Next-generation AI chatbots are like London buses. You wait ages for one, and then three come along at once (ChatGPT, Google’s Bard AI and Microsoft’s new-look Bing).
This has several significant implications for publishers, potentially shaking up everything from search to advertising and content generation. Although the initial hype has been met with a reality check, this is still the hottest thing in tech and media right now. Moreover, it’s worth remembering that AI is already integral to the work of many publishers and media companies. In fact, it has been for some time.
In 2014, the Associated Press (AP) was one of the first news organizations to adopt AI. Since then, they have continued to be a trailblazer, using this technology for story gathering and content creation, as well as the distribution of material.
What can other media companies learn from AP’s expertise with this tech? To help unpack this, we spoke to Aimee Rinehart, program manager for The Associated Press’s Local News AI initiative, about some of the lessons their work has yielded. Although Rinehart’s work is focused on AI in local news and journalism, these efforts offer lessons for publishers of all shapes and sizes.
Here are six things publishers need to know:
1. Companies want AI to remove tedious tasks
As part of their local newsroom project, AP surveyed nearly 200 newsrooms across all 50 U.S. states. This engagement revealed a strong desire to use AI to automate routine and often repetitive (sometimes monotonous) tasks. “They see this [tech] as a potential for help,” Rinehart says.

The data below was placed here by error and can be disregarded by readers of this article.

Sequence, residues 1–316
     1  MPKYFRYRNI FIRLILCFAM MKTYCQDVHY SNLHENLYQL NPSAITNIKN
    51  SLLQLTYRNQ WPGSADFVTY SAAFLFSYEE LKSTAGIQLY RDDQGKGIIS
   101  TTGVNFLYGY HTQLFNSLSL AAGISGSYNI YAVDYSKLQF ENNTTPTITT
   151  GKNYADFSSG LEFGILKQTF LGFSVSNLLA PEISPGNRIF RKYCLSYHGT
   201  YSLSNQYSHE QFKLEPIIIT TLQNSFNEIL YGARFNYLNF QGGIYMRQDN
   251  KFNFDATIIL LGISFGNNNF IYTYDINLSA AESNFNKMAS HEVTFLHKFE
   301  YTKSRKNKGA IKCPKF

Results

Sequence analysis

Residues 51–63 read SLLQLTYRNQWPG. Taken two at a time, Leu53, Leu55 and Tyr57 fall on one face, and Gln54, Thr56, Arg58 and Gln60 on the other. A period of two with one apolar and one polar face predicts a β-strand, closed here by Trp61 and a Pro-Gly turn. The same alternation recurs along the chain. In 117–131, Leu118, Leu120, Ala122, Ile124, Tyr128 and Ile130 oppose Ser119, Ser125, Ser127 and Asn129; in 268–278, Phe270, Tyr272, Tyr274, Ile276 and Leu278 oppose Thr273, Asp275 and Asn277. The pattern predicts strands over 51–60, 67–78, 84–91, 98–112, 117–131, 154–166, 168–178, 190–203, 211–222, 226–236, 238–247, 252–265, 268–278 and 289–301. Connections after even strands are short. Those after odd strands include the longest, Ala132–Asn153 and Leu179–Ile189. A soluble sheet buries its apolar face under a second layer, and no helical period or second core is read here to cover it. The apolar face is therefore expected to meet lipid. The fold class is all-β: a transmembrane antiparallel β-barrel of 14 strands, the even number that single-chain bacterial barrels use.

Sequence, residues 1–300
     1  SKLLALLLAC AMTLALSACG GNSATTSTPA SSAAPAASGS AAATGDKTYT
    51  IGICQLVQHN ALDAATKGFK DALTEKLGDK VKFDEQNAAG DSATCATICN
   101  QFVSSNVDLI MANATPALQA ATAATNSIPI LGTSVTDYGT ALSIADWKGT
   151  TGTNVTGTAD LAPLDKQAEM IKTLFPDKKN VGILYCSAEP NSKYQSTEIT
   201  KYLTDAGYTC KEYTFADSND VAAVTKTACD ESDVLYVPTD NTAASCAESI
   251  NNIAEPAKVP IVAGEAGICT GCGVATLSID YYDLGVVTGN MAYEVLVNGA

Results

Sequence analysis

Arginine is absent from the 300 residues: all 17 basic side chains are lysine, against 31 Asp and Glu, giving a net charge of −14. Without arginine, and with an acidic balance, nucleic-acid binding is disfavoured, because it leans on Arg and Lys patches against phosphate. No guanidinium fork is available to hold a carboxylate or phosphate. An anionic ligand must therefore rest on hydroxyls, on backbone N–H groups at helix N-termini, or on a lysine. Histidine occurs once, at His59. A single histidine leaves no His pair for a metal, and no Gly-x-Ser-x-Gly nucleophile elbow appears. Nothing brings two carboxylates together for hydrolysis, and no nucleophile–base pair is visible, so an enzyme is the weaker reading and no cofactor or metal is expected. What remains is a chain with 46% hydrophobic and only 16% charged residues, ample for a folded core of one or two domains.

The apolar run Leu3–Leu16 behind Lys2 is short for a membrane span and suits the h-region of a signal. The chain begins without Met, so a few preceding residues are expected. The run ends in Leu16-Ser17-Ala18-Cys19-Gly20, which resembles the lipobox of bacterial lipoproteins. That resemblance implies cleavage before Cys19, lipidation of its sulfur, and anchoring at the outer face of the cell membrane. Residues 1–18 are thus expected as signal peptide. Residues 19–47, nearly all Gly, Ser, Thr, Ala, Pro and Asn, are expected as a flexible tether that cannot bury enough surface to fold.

According to survey respondents, automating transcription topped their automation wish list, followed by social media content creation. Respondents also expressed interest in automating structured data-based stories, such as earnings reports, weather updates and sports game recaps.
Earnings reports, of course, are an area where AP pioneered use of AI technology. “AP went from doing 300 earnings reports to 3,000 earnings reports [a quarter],” Rinehart says. Alongside this tenfold increase,” some businesses said that they saw an uptick in trading on them, because they were they were now searchable,” she adds.
2. Many publishers are wary of adopting AI technology
Although many media companies have, rightly, been accused of suffering from shiny object syndrome, Rinehart paints a slightly different picture.
When it comes to AI, local newsrooms “are wary of adopting another technology,” she says. The reason for this is that many newsrooms have been burned before.